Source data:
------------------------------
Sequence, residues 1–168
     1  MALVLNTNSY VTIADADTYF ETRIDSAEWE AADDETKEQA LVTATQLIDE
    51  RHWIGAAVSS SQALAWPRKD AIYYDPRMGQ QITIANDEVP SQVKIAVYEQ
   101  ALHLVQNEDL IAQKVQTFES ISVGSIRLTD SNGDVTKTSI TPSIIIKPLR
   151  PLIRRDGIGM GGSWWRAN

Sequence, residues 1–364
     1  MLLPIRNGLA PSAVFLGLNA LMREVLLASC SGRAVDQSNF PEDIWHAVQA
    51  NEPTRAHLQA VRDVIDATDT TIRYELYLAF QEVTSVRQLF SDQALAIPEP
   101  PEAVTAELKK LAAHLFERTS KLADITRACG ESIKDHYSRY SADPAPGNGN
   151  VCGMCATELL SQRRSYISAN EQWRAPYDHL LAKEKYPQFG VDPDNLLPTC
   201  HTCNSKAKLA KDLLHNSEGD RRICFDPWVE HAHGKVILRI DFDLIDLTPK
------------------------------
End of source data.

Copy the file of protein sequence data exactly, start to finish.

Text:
Sequence, residues 1–168
     1  MALVLNTNSY VTIADADTYF ETRIDSAEWE AADDETKEQA LVTATQLIDE
    51  RHWIGAAVSS SQALAWPRKD AIYYDPRMGQ QITIANDEVP SQVKIAVYEQ
   101  ALHLVQNEDL IAQKVQTFES ISVGSIRLTD SNGDVTKTSI TPSIIIKPLR
   151  PLIRRDGIGM GGSWWRAN

Sequence, residues 1–364
     1  MLLPIRNGLA PSAVFLGLNA LMREVLLASC SGRAVDQSNF PEDIWHAVQA
    51  NEPTRAHLQA VRDVIDATDT TIRYELYLAF QEVTSVRQLF SDQALAIPEP
   101  PEAVTAELKK LAAHLFERTS KLADITRACG ESIKDHYSRY SADPAPGNGN
   151  VCGMCATELL SQRRSYISAN EQWRAPYDHL LAKEKYPQFG VDPDNLLPTC
   201  HTCNSKAKLA KDLLHNSEGD RRICFDPWVE HAHGKVILRI DFDLIDLTPK